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Related Rates - Clock Hands


Date: 04/05/99 at 20:54:33
From: Perry
Subject: Related Rates

The minute hand on a watch is 8 mm long and the hour hand is 4 mm 
long. How fast is the distance between the tips of the hands changing
at one o'clock? 

I'm confused about how to do this related rate problem since the hour 
and minute hand are moving at different speeds.


Date: 04/22/99 at 16:27:31
From: Doctor Fwg
Subject: Re: Related Rates

Dear Perry,

Thank you for such an interesting question. 

To restate the problem: one wishes to find the rate of change (WRT 
time) of the distance between the tips of the minute hand and the hour 
hand of a watch at 1:00 o'clock.

Here's a diagram - it shows the time a little after one o'clock so 
that a more general solution can be worked out.

  

The changing distance you are after is marked "C" on the drawing and 
is the hypotenuse of the shaded triangle. The length of the minute 
hand is R and the length of the hour hand is r, where R > r.

The hypotenuse ("C") of the shaded triangle may be expressed as a 
function of its base (X) and height (Y), where:

X = r Sin(Theta) - R Sin(Phi)
and
Y = R Cos(Phi) - r Cos(Theta).

Since the shaded triangle is a right triangle, one may write:

C^2 = X^2 + Y^2,
or 
C^2 = [r Sin(Theta) - R Sin(Phi)]^2 + [R Cos(Phi) - r Cos(Theta)]^2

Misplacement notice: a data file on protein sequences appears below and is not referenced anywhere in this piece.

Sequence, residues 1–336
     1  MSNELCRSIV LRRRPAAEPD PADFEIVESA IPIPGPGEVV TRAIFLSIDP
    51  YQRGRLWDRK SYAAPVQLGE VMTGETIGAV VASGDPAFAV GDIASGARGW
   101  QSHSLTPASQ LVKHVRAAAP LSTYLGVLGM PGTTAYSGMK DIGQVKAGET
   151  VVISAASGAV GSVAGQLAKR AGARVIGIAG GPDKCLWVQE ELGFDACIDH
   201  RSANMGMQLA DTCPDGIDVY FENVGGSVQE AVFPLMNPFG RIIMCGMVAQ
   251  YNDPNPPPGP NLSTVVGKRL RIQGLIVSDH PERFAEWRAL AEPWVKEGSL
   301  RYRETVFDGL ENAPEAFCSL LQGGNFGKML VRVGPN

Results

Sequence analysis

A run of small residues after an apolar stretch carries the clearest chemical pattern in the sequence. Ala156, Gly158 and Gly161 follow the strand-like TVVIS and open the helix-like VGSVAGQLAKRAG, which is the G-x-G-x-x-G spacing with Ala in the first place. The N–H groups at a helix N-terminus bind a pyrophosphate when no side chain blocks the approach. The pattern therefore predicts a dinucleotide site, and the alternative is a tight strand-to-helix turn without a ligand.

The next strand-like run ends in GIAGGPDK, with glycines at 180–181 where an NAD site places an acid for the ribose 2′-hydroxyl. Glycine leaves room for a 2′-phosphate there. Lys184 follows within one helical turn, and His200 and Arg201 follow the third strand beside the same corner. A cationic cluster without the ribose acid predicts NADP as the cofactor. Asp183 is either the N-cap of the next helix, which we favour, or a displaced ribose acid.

or
C^2 = r^2 + R^2 - 2rR[Sin(Theta)Sin(Phi) + Cos(Theta)Cos(Phi)].

So, using the Theorem of Pythagoras, C may be written as:

C = {r^2 + R^2 - 2rR[Sin(Theta)Sin(Phi) + Cos(Theta)Cos(Phi)]}^(1/2).

Using the expression above for C, take the full derivative of C WRT 
time [i.e., (dC/dt)] to find the rate of change (WRT time) of the 
distance between the tips of the minute hand and the hour hand of a 
watch at 1:00 o'clock. 

Remember the following:

At 1:00 o'clock (A.M. or P.M.), 

   Theta = 0 Radians, 
   Phi = (2 Pi r)/(12 r) Radians = (Pi/6) Radians, 
   d(Theta)/dt = (2 Pi) Radians/12 hr,
   d(Phi)/dt = (2 Pi) Radians/min, 

and the final solution will contain d(Theta)/dt and d(Phi)/dt terms.

I hope this helps - be careful with the differentiation, it is a 
little tricky.

Best regards,

- Doctor Fwg, The Math Forum
http://mathforum.org/dr.math/   
    
Associated Topics:
High School Calculus
High School Trigonometry

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